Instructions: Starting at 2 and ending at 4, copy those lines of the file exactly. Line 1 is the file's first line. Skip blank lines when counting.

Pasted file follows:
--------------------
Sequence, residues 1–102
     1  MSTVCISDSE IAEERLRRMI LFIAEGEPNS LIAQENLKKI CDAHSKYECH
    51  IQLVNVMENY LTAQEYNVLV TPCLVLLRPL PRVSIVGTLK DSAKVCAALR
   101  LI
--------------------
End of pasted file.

     1  MSTVCISDSE IAEERLRRMI LFIAEGEPNS LIAQENLKKI CDAHSKYECH
    51  IQLVNVMENY LTAQEYNVLV TPCLVLLRPL PRVSIVGTLK DSAKVCAALR
   101  LI